emacs self-documentation commands

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There are many emacs commands that tell you about emacs, most of which use the C-h (for "help") prefix.

Table of contents

  1. emacs self-documentation commands
    1. Table of contents
    2. Summary of self-help commands
    3. C-h i: The info documentation browser
    4. C-h m Describe the current editing modes
    5. C-h l: view "lossage"
    6. C-h f and C-h C-f: Document a command or function by name
    7. C-h c, C-h k, and C-h C-k: Document a command by keystrokes
    8. C-h a: Apropos commands

Summary of self-help commands

The following is a complete list, based on the results of typing "C-h ?", with hyperlinks to more specific documentation for the help commands I find most useful.

C-h i: The info documentation browser

The info online documentation browser is the standard viewer for
all documentation produced by the GNU project; much GNU documentation in addition to that for emacs is usually available online. info documents are written as .texi ("texinfo") files, which can be turned into printed manuals as well as the browsable info form. Such info documents must be installed properly in order to be available, but the standard installation procedure for all GNU software also installs its documentation in the right place. For example, at BMERC, we have not only both the user guide and emacs lisp reference, but such tools as gdb, bison, and the CMU Common Lisp system are also fully documented. And info gives you a structured look at the full text of the printed manuals for these programs; if I had known this when I started using emacs, I could have saved a few trees.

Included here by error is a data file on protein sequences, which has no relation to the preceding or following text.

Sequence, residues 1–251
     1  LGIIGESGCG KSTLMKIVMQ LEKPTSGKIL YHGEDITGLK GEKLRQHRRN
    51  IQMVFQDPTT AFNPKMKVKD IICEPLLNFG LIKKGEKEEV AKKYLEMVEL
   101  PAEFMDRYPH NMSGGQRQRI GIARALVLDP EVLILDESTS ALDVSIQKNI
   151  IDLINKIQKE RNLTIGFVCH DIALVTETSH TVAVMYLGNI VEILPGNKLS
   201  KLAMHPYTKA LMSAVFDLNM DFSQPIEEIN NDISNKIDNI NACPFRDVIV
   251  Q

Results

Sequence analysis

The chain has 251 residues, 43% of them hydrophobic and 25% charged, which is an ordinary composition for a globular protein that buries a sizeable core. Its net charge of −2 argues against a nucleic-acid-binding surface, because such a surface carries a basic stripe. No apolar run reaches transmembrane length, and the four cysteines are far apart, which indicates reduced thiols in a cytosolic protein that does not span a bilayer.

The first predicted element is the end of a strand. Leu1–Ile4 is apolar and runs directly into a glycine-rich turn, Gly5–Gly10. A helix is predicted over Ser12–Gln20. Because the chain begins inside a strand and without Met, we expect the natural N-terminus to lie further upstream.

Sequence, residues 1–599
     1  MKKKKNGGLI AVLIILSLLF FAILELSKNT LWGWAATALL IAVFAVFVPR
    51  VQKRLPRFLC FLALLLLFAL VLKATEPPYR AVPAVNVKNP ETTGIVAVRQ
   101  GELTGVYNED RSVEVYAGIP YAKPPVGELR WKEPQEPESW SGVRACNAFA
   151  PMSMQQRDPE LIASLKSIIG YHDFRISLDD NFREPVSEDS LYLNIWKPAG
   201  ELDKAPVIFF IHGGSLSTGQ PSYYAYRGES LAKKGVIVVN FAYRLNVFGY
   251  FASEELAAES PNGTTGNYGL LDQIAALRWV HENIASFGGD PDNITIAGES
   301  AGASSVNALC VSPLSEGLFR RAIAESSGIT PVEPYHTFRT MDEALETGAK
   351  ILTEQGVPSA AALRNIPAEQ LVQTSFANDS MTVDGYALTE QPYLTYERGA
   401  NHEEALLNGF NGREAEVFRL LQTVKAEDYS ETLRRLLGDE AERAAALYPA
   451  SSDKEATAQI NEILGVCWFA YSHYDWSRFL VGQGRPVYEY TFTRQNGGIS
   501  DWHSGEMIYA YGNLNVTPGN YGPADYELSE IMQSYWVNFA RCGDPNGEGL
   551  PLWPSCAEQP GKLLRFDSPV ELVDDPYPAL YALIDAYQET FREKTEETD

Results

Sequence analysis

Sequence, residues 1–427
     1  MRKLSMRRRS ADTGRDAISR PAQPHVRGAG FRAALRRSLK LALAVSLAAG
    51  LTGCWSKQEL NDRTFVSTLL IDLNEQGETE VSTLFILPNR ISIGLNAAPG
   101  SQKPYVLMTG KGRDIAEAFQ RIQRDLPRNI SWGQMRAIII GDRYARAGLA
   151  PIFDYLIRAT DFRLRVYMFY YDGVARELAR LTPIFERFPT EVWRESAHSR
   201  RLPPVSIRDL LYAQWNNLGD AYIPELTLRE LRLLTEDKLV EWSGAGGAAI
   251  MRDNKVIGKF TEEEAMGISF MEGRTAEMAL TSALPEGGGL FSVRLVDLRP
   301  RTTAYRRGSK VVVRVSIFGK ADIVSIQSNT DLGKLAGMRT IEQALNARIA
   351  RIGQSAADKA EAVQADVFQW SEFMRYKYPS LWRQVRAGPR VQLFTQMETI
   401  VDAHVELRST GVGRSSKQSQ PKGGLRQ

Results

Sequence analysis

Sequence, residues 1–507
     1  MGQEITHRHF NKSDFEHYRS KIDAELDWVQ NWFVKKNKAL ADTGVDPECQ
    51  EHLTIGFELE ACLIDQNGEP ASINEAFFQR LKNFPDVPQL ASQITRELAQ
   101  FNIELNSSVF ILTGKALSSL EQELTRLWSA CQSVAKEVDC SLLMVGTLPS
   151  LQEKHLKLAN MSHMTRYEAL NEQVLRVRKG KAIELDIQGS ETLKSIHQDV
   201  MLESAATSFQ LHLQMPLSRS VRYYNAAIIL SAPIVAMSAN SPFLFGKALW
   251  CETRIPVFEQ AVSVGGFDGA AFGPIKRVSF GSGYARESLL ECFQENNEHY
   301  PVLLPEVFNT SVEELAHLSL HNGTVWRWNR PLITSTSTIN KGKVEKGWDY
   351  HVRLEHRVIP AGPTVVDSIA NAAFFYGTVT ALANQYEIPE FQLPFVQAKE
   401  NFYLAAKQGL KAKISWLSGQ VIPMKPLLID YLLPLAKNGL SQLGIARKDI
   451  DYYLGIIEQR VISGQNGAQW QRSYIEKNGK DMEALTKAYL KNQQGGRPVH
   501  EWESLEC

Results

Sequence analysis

There are only a handful of info commands that are really essential to learn (a tutorial is available, but hardly necessary). An info document is a hierarchy of "nodes"; the browser shows you one node at a time, and the commands are primarily for navigating within and between nodes. Here are the basics:

There are also commands for searching in the broader document (i.e. beyond the current node) and the document index; use C-h m in info to find them.

One weak point of info is that the manuals tend to be fairly linear (i.e. not hypertextual), a consequence of being produced from the same markup source as the printed manuals. But this is greatly relieved by being easily searchable. It is common for the top-level "node" for a manual to reference first what would be the chapters of the printed edition, and then include a "detailed" listing that includes all of the third-level nodes (sections) within the chapters. This makes it easy to use C-s to find the section of interest, then use m to move into that section. This turns out to be faster than using a paper index, especially for the emacs manuals, which are more than 500 pages each in hardcopy.

Tip: The GNU Emacs Manual and the GNU Emacs Lisp Reference Manual are available on the Web as well; see the "Other resources for more advanced emacs" section.

C-h m Describe the current editing modes

When you encounter a new editing mode, C-h m will help you find out what mode-specific commands and option settings are available. For instance, when you edit an HTML document in html-helper-mode and type "C-h m", you get the following:
    The minor modes are described first,
    followed by the major mode, which is described on the last page.